Have you seen the commercial recently with all the people yawning to advertise the new, more-caffeinated Pepsi Max? I've been watching Wimbledon on TV lately (yes, I woke up at 9am on Sunday morning with J* to watch Federer, J*'s icon, vs. Nadal, personally my favorite...his right arm is crazily bigger than his left). I yawn every time I see this commercial, and think about making a cup of tea. I suspect that this commercial is a rip-off of a popular Starbucks' commercial (do they need advertising?), but that's really not the point here.
The point IS why don't they (they being the man) post the amount of caffeine on bottles of soda? I am trying very, very hard to give up soda, but I still think this would be an important factor in consumer decisions. Sometimes you don't want to feel like a hummingbird in the afternoon, and sometimes you need a little something extra. Luckily, The Journal of Food Science analyzed the caffeine content in some of the more popular soda brands. Here are a couple highlights:
Coca-Cola (33.9 mg/12 oz)
Diet Coke (46.3 mg/12 oz)
Pepsi (38.9 mg/12 oz)
Diet Pepsi (36.7 mg/12 oz)
Dr Pepper (42.6 mg/12 oz)
Diet Dr Pepper (44.1 mg/12 oz)
Mountain Dew (54.8 mg/12 oz)
Diet Mountain Dew (55.2 mg/12 oz)
With the exception of Diet Pepsi, why do most of the diet versions have more caffeine than the regular? Hmmm.
-Caley, sipping on tea and not Pepsi Max
Friday, July 6, 2007
Instead of recommending a cocktail this week, I'm gonna push a product from off-site that's near and dear to my heart: Woodchuck Dark & Dry 802 Draft Cider. Someone at Woodchuck's laboratories (filled with mad scientists and in a skull-shaped orchard, no doubt) heard my demands for a dryer, crisper cider, and they delivered in spades. It's not a full escape from the soda pop-sweetness mass-produced ciders all suffer, but it's definitely a step in the right direction.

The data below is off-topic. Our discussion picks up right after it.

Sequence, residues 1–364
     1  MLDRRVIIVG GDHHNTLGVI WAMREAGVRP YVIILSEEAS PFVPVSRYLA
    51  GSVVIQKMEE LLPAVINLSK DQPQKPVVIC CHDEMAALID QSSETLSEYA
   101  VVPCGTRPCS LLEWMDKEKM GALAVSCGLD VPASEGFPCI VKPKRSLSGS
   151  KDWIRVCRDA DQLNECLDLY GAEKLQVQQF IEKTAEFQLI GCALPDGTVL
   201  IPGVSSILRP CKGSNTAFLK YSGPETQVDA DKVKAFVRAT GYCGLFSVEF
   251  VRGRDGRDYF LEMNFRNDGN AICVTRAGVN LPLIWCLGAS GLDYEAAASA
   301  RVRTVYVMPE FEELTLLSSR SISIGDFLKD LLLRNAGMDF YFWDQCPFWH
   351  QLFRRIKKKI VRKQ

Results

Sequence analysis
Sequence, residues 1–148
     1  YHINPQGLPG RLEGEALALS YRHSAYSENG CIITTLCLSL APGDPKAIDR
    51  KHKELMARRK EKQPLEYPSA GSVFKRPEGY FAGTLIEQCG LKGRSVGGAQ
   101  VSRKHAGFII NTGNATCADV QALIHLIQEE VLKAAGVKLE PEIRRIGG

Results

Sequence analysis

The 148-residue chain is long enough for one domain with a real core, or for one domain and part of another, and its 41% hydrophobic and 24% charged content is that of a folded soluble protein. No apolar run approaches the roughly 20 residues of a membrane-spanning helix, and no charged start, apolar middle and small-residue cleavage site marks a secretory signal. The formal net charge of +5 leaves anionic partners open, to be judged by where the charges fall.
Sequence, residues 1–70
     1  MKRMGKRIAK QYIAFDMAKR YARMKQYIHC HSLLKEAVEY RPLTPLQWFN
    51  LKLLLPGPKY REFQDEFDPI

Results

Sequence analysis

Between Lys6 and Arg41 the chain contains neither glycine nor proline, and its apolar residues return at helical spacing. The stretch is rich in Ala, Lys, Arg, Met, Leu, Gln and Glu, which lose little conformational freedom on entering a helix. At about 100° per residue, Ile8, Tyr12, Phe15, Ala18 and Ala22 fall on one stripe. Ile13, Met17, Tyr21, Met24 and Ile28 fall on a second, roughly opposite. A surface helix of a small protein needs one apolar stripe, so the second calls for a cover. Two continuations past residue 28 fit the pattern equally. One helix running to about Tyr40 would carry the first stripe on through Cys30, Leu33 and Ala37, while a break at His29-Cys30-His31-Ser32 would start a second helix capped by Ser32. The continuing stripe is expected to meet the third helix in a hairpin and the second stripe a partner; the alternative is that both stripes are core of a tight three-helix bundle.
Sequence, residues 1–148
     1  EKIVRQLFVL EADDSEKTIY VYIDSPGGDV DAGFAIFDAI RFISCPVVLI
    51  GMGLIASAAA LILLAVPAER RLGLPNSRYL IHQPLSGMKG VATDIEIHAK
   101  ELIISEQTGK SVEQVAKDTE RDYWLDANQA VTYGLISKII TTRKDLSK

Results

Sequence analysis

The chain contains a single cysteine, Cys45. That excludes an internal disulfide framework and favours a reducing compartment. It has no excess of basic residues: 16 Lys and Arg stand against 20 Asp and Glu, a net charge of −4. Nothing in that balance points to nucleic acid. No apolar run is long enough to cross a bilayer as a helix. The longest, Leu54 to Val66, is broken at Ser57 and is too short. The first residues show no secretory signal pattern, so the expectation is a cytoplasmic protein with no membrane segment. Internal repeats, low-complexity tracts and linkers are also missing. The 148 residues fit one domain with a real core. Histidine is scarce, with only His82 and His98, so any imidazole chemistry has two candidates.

So instead of getting yet another case of that Johnny-come-lately beer, stop by your local liquor store and try out a six-pack of Dark & Dry. If you aren't happy with your purchase, drink the remaining five bottles really fast, and you'll get happy pretty quickly.
-Jim out, mourning Cider's sad history
I came home from work last night ravenous for a well-balanced and filling meal. Lucky for me, some delicious pasta and meat sauce were awaiting my arrival. In my relief and satisfaction, I realized that this was exactly what I wanted.
To me, there is something comforting about pasta and meat sauce. Maybe it's the fact that it has been a family staple for years, or maybe it's the simplicity. Probably both, but the best part about it is how easy and inexpensive it is to cook such a delicious and substantial meal.
So, without further adieu... my dinner:
To replicate the image seen here, all you need to do is saute some ground beef. Mix it with Barilla pasta sauce and pour it atop some mostaccioli. Or, you can make your own pasta sauce of course, but store-bought sauces work perfectly well for a quick dinner. Serve with a salad and you're good to go.
-Hillary, wishing she was back in San Diego